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TitleCriminal Law 2 Cases Batch 2
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Republic of the Philippines



G.R. No. L-11870 October 16, 1961

THE PEOPLE OF THE PHILIPPINES, plaintiff-appellee,
BENITO CRUZ, ET AL., defendants.

Cipriano Manansala and Jose Lao for defendants-appellants.
Office of the Solicitor General for plaintiff-appellee.


Appeal from a decision of the Court of First Instance of Rizal convicting
appellants Paterno Cruz and Benito Cruz of "rebellion with robbery with
homicide," and appellant Fermin Tolentino of "rebellion with arson, with
murder and robbery." The case is before us, the penalty imposed upon
appellants being life imprisonment.

On or about November 23, 1953, the Provincial Fiscal of Rizal filed with the
Court of First Instance of said province an information accusing said
appellants, together with Elpidio Gantan (alias Marco
Polo, alias Acosta, aliasMaralva), Domingo de la Torre
(alias Meding, alias Espiritu), Espiridion Salcedo (alias Lafredo), and Amado
Sanchez Cruz (alias Enriquez) of the "complex crime of rebellion, with
multiple murder, robberies and arsons," allegedly committed as follows:

That on or about May 28, 1946, and for sometime prior and
subsequent thereto and continuously up to the present time, in the
province of Rizal, Philippines, and within the jurisdiction of this
Honorable Court and in other municipalities, cities and provinces
and other parts of the country where they have chosen to carry out
their rebellious activities, the said accused, being then ranking
officers and/or members of, or otherwise affiliated with the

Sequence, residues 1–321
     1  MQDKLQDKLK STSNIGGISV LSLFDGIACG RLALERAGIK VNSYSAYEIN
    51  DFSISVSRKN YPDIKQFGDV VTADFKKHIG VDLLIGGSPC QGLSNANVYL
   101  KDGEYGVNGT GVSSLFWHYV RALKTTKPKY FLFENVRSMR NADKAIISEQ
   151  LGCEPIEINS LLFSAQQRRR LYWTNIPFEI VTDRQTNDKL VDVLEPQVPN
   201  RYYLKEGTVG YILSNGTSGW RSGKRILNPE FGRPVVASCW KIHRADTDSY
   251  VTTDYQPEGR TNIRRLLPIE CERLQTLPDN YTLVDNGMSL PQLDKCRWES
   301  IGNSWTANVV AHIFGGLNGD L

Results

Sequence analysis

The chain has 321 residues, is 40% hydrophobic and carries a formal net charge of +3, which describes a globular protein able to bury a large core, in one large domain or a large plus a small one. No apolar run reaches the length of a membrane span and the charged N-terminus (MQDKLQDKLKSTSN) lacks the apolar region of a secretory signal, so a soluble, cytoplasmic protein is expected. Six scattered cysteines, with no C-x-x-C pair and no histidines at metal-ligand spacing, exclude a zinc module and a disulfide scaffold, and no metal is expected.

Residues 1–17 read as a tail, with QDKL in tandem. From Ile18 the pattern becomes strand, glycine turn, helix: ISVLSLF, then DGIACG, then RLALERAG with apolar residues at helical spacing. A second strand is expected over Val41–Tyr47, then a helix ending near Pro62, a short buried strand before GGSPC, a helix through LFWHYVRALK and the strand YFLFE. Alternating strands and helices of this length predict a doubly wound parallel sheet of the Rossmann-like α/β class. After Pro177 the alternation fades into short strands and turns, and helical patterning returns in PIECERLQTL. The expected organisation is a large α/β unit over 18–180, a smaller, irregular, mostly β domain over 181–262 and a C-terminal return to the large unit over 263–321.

Communist Party of the Philippines and the "Hukbong

Mapagpalaya Ng Bayan (HMB)" otherwise known as the
Hukbalahap (HUK), the latter being the armed force of said
Communist Party, having come to an agreement and having
decided to commit the crime of rebellion, and, thereby conspiring
and confederating among themselves together with all of the 31
accused in Criminal Cases Nos. 14071, 14082, 14270, 14315 and
14344 (Politburo Cases) in the Court of First Instance of Manila,
with other members, officers and/or affiliates of the Communist
Party of the Philippines and the "Hukbong Mapagpalaya Ng Bayan
(HMB)" or HUKS and many others whose identities and
whereabouts are still unknown, acting in accordance with their
conspiracy and in the furtherance thereof, and mutually helping one
another, did then and there willfully, unlawfully and feloniously help,
support, promote, direct and/or command the "Hukbong
Mapagpalaya Ng Bayan (HMB)" or the Hukbalahap (HUK) to rise
publicly and take up arms against the Government of the Republic
of the Philippines, or otherwise participate in such public uprising
for the purpose of removing from the allegiance to the said
government and laws thereof, the territory of the Philippines or
portion thereof, as in fact the said "Hukbong Mapagpalaya Ng
Bayan (HMB)" or the HUKS, pursuant to such conspiracy, have
risen publicly and taken up arms against the Government of the
Republic of the Philippines to attain said purpose by then and there
making armed raids, sorties, ambushes and attacks against the
Philippine Constabulary, the Civilian Guards, the Police and Army
patrols and other detachments constituted and organized by the
government of the Philippines, as well as upon ordinary civilians,
and as a necessary means to commit the crime of Rebellion in
connection therewith and in the furtherance thereof, have the and
there committed wanton acts of murders, pillages, lootings,
plunders, arsons and planned destructions of private and public
properties to create and spread disorders, terrors, confusions,
chaos and fear among the population and by the use of force and